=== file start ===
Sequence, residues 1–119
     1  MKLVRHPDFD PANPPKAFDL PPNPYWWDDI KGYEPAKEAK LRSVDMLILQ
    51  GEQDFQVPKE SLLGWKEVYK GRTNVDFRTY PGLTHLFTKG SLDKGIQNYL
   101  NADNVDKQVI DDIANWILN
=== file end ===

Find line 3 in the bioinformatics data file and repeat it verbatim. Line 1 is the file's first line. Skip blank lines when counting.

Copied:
    51  GEQDFQVPKE SLLGWKEVYK GRTNVDFRTY PGLTHLFTKG SLDKGIQNYL